Urban Planning and Real Estate Development

By John Ratcliffe; Michael Stubbs et al. | Go to book overview

10

The property development process

The property development industry is both complex and diverse: complex, in that there are many agencies, public and private, large and small, undertaking development in a variety of organizational forms and legal entities; diverse, in that it involves a vast number of businesses across a wide range of sectors, having different aims, objectives and modes of operation.

The property development industry is also risky, cyclical, highly regulated and lengthy in production. In addition, it comprises three major groups: consumers, producers, and providers of public infrastructure. This seeming imbroglio thus requires close consideration and understanding, so that the process of property development can be managed in a way that optimizes the benefit to all concerned. The point has been made more eruditely by one of the leading thinkers in the field of real estate development, as follows:

Unlike many mass production industries, each real estate project is unique and the development process is so much a creature of the political process that society has a new opportunity with each major project to negotiate, debate and reconsider the basic issues of an enterprise economy, i.e. who pays, who benefits, who risks, and who has standing to participate in the decision process. Thus, the development process remains a high silhouette topic for an articulate and sophisticated society. The best risk management device for the producer group, which is usually the lead group in the initiation of a project, is thorough research so that the development product fits as closely as possible the needs of the tenant or purchaser, the values of the politically active collective consumers, and the land-use ethic of the society.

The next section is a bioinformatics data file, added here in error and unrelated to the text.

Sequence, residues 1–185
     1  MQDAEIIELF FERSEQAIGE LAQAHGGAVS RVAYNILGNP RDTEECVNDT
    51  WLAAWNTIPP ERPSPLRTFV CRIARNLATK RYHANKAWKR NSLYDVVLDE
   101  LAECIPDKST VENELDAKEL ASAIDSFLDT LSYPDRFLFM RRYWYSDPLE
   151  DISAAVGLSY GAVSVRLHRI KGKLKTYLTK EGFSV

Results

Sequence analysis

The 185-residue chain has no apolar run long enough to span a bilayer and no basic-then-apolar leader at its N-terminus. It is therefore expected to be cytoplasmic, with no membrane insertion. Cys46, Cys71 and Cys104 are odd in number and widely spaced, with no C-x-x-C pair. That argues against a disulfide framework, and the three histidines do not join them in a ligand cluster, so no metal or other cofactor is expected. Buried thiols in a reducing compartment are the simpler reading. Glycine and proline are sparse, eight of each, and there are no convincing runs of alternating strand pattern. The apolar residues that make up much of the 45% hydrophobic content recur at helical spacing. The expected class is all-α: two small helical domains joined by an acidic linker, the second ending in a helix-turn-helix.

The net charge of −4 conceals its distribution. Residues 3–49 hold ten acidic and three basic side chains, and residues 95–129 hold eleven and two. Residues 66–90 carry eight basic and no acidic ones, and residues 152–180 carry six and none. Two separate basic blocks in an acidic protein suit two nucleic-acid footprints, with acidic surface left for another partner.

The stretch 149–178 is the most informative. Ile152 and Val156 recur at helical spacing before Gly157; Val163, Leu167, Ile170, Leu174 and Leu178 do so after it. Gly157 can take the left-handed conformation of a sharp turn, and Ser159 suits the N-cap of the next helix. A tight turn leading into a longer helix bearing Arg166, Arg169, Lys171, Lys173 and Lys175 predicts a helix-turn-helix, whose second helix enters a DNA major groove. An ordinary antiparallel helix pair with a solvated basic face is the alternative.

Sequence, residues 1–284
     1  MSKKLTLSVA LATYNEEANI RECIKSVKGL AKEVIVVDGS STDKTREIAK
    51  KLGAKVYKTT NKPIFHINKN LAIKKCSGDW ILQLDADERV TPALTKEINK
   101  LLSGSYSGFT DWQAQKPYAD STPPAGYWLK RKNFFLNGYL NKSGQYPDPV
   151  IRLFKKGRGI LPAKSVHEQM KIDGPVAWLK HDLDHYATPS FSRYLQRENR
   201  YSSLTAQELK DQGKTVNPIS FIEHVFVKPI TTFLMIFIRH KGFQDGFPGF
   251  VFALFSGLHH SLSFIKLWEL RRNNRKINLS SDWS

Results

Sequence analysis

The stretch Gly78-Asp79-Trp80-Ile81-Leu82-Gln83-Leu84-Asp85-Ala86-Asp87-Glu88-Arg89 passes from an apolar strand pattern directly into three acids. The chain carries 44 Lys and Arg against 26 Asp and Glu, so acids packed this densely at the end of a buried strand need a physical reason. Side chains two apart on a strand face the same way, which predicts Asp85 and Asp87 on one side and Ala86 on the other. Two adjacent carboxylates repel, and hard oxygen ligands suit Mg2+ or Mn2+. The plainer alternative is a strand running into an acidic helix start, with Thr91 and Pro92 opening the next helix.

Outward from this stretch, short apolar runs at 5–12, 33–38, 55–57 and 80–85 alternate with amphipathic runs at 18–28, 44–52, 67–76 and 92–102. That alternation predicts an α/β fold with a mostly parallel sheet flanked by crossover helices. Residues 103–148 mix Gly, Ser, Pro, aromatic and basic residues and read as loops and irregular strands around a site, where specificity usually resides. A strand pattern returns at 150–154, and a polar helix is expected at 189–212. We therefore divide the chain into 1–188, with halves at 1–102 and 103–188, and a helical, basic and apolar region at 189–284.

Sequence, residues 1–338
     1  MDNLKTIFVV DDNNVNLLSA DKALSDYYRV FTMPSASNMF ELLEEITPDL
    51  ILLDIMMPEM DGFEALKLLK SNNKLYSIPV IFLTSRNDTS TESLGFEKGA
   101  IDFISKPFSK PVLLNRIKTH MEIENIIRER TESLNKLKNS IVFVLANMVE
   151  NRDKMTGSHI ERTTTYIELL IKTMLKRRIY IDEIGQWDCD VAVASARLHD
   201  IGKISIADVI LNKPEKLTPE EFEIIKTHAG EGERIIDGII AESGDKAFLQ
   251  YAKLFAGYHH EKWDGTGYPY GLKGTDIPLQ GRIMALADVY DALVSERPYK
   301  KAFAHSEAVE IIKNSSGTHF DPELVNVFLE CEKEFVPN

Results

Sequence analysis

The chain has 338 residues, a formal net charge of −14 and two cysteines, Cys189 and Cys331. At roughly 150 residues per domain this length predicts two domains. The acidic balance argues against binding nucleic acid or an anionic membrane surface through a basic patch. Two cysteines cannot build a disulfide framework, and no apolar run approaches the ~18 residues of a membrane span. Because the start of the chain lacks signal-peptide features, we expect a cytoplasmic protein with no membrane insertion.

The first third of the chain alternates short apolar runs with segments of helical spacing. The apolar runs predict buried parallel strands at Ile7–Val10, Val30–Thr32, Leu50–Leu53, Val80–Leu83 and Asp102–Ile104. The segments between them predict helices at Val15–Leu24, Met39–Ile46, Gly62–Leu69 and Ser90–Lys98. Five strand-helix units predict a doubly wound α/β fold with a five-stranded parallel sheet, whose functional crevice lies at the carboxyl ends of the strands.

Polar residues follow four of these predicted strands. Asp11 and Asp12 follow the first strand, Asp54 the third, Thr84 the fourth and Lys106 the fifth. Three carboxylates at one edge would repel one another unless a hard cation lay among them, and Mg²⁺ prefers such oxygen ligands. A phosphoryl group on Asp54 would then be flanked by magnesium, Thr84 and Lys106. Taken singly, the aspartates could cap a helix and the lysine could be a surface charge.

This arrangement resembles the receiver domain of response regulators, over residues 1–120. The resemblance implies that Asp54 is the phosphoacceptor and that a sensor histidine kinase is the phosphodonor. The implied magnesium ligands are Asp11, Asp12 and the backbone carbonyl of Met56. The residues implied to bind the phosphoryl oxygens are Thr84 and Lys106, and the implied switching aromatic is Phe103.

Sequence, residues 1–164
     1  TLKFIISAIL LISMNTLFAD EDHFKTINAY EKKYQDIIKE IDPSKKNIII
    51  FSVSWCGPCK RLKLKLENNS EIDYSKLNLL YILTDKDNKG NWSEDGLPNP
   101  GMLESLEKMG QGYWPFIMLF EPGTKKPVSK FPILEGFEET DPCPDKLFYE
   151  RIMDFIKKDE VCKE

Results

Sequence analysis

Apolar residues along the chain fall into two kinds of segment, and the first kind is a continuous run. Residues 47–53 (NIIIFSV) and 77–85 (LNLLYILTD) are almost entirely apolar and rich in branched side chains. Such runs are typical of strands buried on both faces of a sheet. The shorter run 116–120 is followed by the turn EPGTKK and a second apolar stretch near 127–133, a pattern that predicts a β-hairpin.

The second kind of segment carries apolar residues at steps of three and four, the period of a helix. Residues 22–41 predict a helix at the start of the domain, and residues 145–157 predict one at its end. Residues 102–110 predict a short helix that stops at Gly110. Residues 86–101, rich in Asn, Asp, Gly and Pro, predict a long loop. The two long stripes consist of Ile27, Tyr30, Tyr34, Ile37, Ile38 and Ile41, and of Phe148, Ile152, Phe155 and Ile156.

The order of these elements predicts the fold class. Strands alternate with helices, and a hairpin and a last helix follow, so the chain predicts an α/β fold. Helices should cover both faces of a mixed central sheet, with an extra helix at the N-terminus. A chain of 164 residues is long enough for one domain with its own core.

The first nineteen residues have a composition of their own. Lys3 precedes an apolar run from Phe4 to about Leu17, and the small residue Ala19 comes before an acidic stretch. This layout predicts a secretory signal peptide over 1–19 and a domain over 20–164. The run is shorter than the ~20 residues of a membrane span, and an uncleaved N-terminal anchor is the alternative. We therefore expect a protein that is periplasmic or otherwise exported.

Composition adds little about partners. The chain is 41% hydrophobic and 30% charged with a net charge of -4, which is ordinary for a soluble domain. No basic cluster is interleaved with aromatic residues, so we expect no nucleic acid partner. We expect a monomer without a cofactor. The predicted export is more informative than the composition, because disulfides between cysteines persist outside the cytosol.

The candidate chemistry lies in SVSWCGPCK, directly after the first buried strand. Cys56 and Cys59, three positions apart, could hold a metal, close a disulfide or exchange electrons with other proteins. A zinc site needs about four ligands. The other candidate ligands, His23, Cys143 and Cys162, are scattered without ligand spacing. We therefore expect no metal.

(Graaskamp 1981)

The growing intricacy and sophistication of the property development industry has led to the need for a deeper understanding of public policy, physical planning, municipal regulation, market research, the legal framework, site appraisal, economic evaluation, financial arrangements, contractual procedures, building design, construction techniques and marketing strategy dimensions of a development scheme, together with a much more professional approach towards the management of projects in terms of time, quality, cost and asset value.

To facilitate the study and understanding of property development, several models of the development process have been devised since the mid-1950s.

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